The user now runs functional tests against the application. The stub configuration data (optionally saved) can be used to create multiple stub configurations (or profiles) so that they can be applied to an executing application without the need to reconfigure all the settings details. Stub configuration profiles are applied or removed by the RAS controller, which is in turn driven by a user or an automated regression testing script (program).
Passive RAS stubs are similar in concept to active stubs, however, they are intended for passive monitoring of code execution at the stubbed classes and methods, rather than altering execution or simulating behaviors of these methods. When configured, passive RAS stubs are used for debugging application execution at run-time or regression testing. For regression testing, expected code behavior is provided, then as tests are executed, execution results are verified by the stub against that expected behavior.
The steps to configure and use passive stubs are similar to the steps taken to configure and use active stubs except that when the stubs is configured (block 24), the user specifies the expected behavior of the application's method execution outcomes, rather than altering its behavior. Such expected outcomes include the values in the objects returned by the method, exceptions thrown or changes in the objects passed to the method as arguments. The user then runs his or her functional test scenarios while monitoring the stubbed code execution and ensuring that it matches the expected outcomes. The RAS agent that is attached to the application reports the stubbed methods execution details to the RAS controller via network socket connections.
The RAS controller visualizes and tracks these results within a tool like SOAtest™ or WebKing™. The RAS controller compares the results against the predefined execution outcomes and thus determines the success or failure of the functional scenario tests. Expected execution outcomes are stored as regression controls within the stub configuration profile. In one embodiment, regression controls are declared manually by the user, or generated automatically from previous passive stub execution outcomes that are marked to be valid.
For example, the RAS controller 51 confirms to the user that account number 1000 is returned for customer 1 and account number 1001 is returned for customer 2, etc. As these execution results are confirmed to be accurate, they can be set as a regression controls in the stub profile so that future executions are automatically verified against these expected return values, as part of regular regression testing activities.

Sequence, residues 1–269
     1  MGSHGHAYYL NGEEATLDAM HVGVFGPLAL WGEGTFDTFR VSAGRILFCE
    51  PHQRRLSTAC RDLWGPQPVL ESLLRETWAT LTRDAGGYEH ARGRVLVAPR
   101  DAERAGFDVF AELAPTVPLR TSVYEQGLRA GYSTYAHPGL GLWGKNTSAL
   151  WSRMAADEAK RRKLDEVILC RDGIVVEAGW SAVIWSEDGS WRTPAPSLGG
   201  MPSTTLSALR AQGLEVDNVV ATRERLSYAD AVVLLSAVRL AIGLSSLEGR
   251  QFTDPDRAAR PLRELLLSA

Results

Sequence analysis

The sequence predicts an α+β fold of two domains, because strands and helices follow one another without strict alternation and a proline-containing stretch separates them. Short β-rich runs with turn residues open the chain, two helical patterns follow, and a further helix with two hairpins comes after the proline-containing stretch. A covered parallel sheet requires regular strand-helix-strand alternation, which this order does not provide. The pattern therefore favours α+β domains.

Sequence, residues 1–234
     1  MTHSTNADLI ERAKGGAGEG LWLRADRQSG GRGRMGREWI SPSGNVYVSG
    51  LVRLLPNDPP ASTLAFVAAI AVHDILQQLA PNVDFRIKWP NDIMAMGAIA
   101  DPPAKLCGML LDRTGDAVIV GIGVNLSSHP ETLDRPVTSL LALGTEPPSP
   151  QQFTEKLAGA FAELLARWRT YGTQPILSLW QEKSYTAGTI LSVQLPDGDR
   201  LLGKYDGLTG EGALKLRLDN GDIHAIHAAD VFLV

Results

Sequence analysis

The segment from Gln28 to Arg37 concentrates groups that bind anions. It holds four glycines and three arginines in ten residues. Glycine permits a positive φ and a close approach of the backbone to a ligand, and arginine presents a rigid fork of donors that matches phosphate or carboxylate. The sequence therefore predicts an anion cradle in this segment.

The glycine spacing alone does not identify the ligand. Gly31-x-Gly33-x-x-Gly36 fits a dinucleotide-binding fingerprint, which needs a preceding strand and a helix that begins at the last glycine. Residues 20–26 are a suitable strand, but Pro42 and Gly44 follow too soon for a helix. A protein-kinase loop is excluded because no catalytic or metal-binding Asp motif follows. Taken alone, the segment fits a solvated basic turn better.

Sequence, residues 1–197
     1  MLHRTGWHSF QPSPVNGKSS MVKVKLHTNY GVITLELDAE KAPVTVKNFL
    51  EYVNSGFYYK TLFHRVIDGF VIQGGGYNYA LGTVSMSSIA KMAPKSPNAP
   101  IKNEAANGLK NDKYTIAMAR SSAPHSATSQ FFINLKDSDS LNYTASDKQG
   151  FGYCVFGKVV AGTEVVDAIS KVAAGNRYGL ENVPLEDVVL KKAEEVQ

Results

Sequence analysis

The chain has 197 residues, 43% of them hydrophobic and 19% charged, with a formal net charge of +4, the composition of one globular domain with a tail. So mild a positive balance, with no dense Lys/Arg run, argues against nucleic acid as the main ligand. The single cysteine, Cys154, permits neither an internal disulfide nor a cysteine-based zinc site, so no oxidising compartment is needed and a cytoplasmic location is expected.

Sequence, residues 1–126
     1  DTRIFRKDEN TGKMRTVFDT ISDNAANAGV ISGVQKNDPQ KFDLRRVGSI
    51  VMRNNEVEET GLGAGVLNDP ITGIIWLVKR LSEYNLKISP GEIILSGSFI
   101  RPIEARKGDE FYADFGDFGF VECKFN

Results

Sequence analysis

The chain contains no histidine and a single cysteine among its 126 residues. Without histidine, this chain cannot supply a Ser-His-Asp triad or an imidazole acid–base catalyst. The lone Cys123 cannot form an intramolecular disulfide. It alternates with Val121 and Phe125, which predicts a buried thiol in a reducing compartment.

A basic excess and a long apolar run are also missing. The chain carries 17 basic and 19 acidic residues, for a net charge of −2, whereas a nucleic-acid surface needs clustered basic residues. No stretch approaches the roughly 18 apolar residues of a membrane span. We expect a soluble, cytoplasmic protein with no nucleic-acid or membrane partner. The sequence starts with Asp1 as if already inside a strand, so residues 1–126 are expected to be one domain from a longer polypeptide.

In one embodiment, the present invention includes the automatic configuration of RAS profiles by discovering certain code APIs or patterns that are likely to be RAS candidates, namely, those code areas that communicate with systems outside the current application. These include, but are not limited to: JDBC, JMS, EJBs, IBM™ WebSphere™ MQ calls, TIBCO™, COM, CORBA™, plain socket connections and other standard or proprietary messaging APIs. The present invention scans the source code of the application for occurrences of statements that perform such remote calls and presents the statements to the user as candidates for stubbing. This allows users to quickly create stub profiles that control the level of isolation between the application and the outside world in order to simulate a production system environment as closely as possible within a development and test context.
It will be recognized by those skilled in the art that various modifications may be made to the illustrated and other embodiments of the invention described above, without departing from the broad inventive scope thereof. It will be understood therefore that the invention is not limited to the particular embodiments or arrangements disclosed, but is rather intended to cover any changes, adaptations or modifications which are within the scope and spirit of the invention as defined by the appended claims.